A Physical Presence at MPLS SDN NFV World Congress 2016
Mar 17, 2016
Last week I had the pleasure to attend MPLS SDN NFV World Congress. Once again, the event brought together some exceptional people to discuss and debate some of the most critical issues in our industry.
Amid several virtual product demonstrations that kept the Juniper booth filled to capacity throughout the week, we also showcased the MPC9E line card for the MX2000 3D Universal Edge Router family.
The first person I spoke with at the show was a network architect who worked for an operator that provides mobile, residential and business services. She mentioned that for her company, network bandwidth demand has doubled annually for the past five consecutive years.
She continued that three factors were driving this demand, and I began running through a mental checklist…New video service? Rapid population increase or demographic shift? The mythical killer app?
As it turns out, none of the above.
The first factor was high speed access networks. The operator used fiber access to deliver residential multiplay services and high speed internet at up to a gigabit per second, and customers consistently subscribed to offers on the high end of the bandwidth spectrum.
The second factor was the combination of cloud adoption by their enterprise customers, who were purchasing increasingly high bandwidth VPNs and Internet connections.
The third factor was LTE adoption in their mobile network. Customers are now using more mobile devices and more bandwidth heavy applications more frequently, and for longer periods of time.
And so, both of us having travelled a great distance to learn more about MPLS, SDN and NFV, spent a considerable amount of time discussing trends in bandwidth demand. And while the names changed, the substance of this conversation, with subtle differences, was repeated many times during the week.
I brought this up during a post-conference discussion with David Roy, a well-recognized industry expert (check out Junos and Me) who keeps in close contact with networking professionals worldwide. Looking across a wide variety of network projects, he sees mainstream adoption of 10GbE between the access and service/edge network, and 100GbE connectivity between the network edge and core. He also notes that while 10GbE is readily found at Internet and peering points today, 100GbE is being used more frequently. David also said operators are considering 400GbE for not too distant transport, cloud and content provider connectivity.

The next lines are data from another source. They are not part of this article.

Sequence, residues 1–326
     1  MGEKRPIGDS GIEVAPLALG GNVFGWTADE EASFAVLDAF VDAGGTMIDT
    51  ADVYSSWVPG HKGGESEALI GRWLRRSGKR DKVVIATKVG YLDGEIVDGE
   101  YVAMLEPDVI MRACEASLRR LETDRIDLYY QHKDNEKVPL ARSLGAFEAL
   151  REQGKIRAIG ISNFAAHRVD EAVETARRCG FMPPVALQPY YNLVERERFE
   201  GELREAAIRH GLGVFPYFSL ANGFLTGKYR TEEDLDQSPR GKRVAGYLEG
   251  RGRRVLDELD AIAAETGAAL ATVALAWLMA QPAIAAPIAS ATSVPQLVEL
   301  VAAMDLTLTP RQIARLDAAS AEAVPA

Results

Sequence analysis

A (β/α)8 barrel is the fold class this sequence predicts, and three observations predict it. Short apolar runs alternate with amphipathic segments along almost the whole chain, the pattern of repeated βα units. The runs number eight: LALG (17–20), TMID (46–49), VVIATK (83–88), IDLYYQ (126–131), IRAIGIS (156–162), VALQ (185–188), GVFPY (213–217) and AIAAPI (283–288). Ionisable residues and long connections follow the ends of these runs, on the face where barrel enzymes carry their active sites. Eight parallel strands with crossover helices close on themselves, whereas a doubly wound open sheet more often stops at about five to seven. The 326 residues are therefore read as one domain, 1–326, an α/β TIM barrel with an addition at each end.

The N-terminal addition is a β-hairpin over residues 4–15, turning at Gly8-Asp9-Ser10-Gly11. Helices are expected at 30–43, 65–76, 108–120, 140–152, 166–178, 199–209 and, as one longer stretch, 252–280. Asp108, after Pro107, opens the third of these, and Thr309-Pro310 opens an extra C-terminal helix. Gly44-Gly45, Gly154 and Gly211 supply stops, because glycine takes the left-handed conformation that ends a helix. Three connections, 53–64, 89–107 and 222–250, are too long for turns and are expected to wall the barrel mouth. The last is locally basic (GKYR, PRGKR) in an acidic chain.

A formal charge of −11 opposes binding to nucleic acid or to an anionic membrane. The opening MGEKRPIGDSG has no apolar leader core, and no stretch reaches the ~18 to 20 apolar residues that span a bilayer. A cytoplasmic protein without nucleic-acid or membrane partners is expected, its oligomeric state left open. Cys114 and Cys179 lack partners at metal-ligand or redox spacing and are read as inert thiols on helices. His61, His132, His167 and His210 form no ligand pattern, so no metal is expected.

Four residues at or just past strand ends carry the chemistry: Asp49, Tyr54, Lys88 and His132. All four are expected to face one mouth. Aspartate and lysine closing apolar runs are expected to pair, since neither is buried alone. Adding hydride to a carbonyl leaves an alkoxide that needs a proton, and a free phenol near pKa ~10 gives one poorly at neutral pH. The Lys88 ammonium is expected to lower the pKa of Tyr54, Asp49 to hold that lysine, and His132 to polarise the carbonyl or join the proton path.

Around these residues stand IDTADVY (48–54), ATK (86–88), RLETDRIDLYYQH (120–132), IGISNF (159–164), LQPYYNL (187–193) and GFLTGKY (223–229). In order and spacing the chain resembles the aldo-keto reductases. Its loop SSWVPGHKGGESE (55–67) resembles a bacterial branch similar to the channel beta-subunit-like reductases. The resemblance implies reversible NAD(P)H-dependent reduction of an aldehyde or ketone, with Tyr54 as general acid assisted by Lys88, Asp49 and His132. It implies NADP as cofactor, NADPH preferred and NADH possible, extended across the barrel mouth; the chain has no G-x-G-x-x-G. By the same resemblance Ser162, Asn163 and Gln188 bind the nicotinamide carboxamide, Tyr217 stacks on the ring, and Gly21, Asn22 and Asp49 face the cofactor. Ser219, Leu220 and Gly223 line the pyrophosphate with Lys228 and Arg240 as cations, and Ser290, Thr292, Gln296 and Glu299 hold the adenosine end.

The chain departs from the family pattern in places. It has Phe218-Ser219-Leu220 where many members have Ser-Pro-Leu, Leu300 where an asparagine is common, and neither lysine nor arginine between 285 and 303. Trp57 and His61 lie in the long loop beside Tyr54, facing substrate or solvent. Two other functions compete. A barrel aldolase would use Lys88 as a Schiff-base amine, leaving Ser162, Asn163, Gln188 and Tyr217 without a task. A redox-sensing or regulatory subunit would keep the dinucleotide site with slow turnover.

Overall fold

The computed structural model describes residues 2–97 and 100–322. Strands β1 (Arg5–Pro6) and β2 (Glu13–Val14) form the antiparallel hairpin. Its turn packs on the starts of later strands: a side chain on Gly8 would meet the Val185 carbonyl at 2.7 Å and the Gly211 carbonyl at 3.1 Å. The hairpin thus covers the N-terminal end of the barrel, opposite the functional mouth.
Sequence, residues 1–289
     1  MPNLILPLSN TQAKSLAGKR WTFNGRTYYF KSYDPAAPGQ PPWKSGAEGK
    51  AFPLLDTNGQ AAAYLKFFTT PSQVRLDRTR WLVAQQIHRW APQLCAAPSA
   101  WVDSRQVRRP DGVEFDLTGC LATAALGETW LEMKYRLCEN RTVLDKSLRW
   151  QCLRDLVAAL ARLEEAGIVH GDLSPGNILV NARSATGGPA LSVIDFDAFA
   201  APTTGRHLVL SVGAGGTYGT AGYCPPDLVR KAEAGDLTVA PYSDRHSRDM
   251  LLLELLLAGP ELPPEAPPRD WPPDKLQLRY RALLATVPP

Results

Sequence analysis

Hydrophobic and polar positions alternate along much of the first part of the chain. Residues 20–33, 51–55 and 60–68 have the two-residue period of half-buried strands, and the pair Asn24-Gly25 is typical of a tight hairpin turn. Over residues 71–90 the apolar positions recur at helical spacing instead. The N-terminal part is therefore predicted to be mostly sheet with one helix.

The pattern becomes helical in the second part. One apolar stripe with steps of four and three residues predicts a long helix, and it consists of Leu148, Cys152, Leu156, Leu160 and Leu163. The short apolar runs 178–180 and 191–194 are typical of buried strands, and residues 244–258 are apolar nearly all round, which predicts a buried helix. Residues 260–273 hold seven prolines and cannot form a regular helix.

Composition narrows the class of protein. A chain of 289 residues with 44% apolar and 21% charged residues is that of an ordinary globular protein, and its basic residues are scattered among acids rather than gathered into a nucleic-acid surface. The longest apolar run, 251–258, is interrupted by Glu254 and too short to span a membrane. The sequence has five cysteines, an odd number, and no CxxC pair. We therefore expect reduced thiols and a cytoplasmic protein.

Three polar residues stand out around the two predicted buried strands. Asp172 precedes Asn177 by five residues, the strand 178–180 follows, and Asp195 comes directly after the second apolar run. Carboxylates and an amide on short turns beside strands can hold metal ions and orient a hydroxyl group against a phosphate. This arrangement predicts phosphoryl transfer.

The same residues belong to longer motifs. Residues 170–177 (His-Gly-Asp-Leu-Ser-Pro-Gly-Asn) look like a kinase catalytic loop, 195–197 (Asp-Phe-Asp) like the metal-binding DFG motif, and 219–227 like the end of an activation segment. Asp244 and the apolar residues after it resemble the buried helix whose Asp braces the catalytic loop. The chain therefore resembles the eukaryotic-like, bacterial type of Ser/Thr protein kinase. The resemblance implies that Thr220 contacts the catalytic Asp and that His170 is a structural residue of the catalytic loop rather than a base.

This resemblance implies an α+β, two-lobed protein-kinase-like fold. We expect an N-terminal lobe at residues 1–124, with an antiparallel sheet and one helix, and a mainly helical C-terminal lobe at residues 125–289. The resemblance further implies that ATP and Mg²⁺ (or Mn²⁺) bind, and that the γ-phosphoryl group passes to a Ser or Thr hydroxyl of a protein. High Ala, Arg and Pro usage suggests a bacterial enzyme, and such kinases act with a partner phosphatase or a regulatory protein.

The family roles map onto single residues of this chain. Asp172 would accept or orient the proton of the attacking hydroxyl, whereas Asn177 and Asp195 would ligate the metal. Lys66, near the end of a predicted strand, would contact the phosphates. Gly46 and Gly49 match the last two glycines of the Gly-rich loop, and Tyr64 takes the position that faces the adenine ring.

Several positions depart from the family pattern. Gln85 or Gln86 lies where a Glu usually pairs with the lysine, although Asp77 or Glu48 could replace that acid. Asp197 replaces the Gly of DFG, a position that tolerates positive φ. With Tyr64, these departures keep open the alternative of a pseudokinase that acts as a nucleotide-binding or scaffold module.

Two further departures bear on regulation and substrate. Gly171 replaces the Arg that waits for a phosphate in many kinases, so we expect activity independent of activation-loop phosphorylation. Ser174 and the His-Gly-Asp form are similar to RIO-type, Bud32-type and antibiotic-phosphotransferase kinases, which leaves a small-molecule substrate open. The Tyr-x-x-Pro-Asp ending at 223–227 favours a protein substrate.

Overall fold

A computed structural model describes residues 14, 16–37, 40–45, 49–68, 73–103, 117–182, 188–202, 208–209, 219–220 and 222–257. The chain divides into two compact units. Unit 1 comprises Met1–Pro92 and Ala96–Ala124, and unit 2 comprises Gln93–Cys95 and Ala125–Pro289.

Given these trends, what makes the MPC9E and MX2000 family the best choice for edge/core routing? Here’s three reasons among many—
With industry leading 1.6Tbps throughput and 10GbE, 40GbE and 100GbE density, the MPC9E can achieve the same density of similarly positioned products while consuming half the number of precious router slots.
The MPC9E uses Multirate MICs for network connectivity—10GbE, 40GbE and 100GbE can be configured on any port. This provides capitally efficient agility to mix and match interfaces speeds—and upgrade them as needed—simply by changing the optics.
The MPC9E can accommodate multiple 400GbE streams, so customer investment is protected for the long-haul.
I’ll revisit other highlights from the show in future blogs—I would like to share some of the great discussion around MPLS/SDN/NFV, Cloud CPE, Service Orchestration, and the Contrail Controllers.
In the meantime—please share your experiences with bandwidth growth rates, drivers and forecasts. What are you seeing?